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Evaluation & Accountability Collaborative Quick Tip Series for Extension Faculty Conducting Evaluations How to Calculate Percentage Change What is percentage change? Percentage change (or percent change) measures the difference in value using percentages. How is percentage change used in Extension? Percent change is one means of demonstrating program impact or conveying the magnitude of a change. It shows the difference between the after vs. before values. Percentage change can be positive or negative. Numbers (frequency counts) are typically used in the formula but percentages can be as well. How do you calculate percentage change? ((after value – before value) / before value) * 100 = % change. Simply subtract the before value from the after value; then divide by the before value. Multiply the result by 100. Add a % sign and that is your percentage change. Example 1 (using frequency counts): Using state records, an FCS agent found that 25 teens were killed in vehicle related accidents in her county in 2008 compared to 17 in 2007. The percent change is ((25 – 17)/17) * 100 = 47.1%. In writing about the relevance of a new teen driver safety educational program, the agent writes “there was a 47.1% increase in the number of teens killed in vehiclerelated accidents in 2008 compared to 2007.”

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### Transcript of How to Calculate Percent Change -... Evaluation & Accountability Collaborative

Quick Tip Series for Extension Faculty Conducting Evaluations

How to Calculate Percentage Change

What is percentage change?

Percentage change (or percent change) measures the difference in value using percentages.

How is percentage change used in Extension?

Percent change is one means of demonstrating program impact or conveying the magnitude of a

change. It shows the difference between the after vs. before values. Percentage change can be

positive or negative. Numbers (frequency counts) are typically used in the formula but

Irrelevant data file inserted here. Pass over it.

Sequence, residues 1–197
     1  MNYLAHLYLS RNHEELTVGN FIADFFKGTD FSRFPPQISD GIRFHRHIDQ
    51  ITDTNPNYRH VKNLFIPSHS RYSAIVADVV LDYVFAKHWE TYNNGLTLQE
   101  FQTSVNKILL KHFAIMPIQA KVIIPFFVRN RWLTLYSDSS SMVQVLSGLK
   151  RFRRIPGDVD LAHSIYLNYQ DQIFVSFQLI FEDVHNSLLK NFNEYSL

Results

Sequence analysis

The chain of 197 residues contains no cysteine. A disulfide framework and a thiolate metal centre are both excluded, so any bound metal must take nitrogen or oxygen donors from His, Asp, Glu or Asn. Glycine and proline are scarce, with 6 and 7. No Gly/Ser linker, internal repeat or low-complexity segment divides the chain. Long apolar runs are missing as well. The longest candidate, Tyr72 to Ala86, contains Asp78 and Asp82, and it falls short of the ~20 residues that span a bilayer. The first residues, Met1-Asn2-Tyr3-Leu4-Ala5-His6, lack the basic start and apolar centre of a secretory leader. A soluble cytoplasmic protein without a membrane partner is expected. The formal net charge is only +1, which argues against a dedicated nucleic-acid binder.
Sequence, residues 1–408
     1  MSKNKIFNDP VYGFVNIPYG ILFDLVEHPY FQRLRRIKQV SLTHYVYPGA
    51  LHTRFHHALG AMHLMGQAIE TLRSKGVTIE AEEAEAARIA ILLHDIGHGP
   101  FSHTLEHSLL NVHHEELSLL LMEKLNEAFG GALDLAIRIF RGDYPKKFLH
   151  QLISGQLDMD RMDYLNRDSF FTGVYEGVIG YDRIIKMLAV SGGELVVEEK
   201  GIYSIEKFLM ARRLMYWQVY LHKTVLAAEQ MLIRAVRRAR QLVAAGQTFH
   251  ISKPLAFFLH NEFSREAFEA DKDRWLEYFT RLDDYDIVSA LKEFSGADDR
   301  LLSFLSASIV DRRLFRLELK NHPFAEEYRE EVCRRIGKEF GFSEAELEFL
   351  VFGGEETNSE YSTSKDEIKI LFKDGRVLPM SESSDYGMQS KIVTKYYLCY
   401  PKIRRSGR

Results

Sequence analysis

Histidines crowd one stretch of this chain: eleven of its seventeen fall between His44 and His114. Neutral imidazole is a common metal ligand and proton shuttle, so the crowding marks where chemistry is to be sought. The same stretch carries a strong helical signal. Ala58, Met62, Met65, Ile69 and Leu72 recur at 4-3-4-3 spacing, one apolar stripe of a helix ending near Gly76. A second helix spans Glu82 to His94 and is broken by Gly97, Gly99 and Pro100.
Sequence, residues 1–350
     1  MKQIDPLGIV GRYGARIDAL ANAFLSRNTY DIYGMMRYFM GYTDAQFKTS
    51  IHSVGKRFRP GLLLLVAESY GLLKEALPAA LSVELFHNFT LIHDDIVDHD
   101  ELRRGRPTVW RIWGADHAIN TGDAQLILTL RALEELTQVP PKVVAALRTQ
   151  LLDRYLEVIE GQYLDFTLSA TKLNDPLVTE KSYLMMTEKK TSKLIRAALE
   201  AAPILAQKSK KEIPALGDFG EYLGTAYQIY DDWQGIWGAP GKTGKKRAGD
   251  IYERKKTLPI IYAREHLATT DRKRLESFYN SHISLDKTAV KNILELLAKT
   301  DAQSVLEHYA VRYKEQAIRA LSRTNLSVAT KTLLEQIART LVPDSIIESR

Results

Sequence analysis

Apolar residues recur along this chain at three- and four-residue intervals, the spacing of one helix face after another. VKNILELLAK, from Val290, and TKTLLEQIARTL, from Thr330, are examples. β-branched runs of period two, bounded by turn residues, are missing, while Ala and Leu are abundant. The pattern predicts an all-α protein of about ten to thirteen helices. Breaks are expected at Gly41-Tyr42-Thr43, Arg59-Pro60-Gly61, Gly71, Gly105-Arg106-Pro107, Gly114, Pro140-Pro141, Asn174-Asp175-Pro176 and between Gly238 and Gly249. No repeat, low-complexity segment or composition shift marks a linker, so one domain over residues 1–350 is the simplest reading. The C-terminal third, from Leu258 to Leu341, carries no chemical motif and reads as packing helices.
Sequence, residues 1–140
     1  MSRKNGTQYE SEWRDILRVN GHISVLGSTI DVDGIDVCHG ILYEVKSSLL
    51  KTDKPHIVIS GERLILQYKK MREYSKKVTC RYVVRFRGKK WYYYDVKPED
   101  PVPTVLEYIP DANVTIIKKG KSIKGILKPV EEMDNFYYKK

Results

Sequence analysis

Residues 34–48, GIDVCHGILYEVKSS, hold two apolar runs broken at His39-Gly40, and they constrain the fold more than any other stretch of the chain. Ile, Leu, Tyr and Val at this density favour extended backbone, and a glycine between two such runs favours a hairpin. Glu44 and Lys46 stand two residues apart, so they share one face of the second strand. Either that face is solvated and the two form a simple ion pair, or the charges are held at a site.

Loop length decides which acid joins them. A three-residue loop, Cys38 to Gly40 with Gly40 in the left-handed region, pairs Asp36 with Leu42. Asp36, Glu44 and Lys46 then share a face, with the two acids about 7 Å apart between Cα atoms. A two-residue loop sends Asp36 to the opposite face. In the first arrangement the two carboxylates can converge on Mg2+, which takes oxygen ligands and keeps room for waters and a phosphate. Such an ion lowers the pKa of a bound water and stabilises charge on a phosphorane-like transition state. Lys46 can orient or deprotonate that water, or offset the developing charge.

percentages can be as well.

How do you calculate percentage change?

((after value – before value) / before value) * 100 = % change.

Simply subtract the before value from the after value; then divide by the before value.

Multiply the result by 100. Add a % sign and that is your percentage change.

Example 1 (using frequency counts):

Using state records, an FCS agent found that 25 teens were killed in vehicle related accidents in

her county in 2008 compared to 17 in 2007. The percent change is ((25 – 17)/17) * 100 = 47.1%.

In writing about the relevance of a new teen driver safety educational program, the agent writes

“there was a 47.1% increase in the number of teens killed in vehicle‐related accidents in 2008

compared to 2007.” Example 2 (Unmatched Pre‐Post Surveys):

Using pre‐post surveys without matching ids, an AG/NR agent found that 37 of 115 program

participants (32.2%) correctly answered a knowledge question about range management on the

pretest. After the program, 78 of 102 participants (76.5%) answered the same question

correctly. The percentage change in “percentage correct” is ((76.5 – 32.2) / 32.2) * 100 =

137.6%.

Using frequencies with this example, the percentage change in the number of participants

answering the question correctly is ((78 – 37)/37) * 100) = 110.8%. But since the number of

participants responding to the pretest and posttest were somewhat different, using percentages

in the formula provides a more precise measure of the after vs. before change in value.

Note that percent change is NOT the simple difference between the two percentages

(i.e., 76.5% ‐ 32.2% = 44.3%).

Example 3 (Matched Pre‐Post Surveys):

Let’s suppose that the agent in Example 2 used matched ids – and of the 115 pretests and 102

posttests, the agent was able to match a pre and post test for 98 of the participants. Further, for

these 98 participants, 35 answered the question correctly on the pretest while 77 answered it

correctly on the posttest. The percentage change is ((76 – 35) / 76) * 100 = 117.1%.  If one has

matching ids in a pre‐post situation, it always makes more sense to use frequencies in the

formula – using just those surveys with a match.

Author: Paul Pope

Last update: June 5, 2008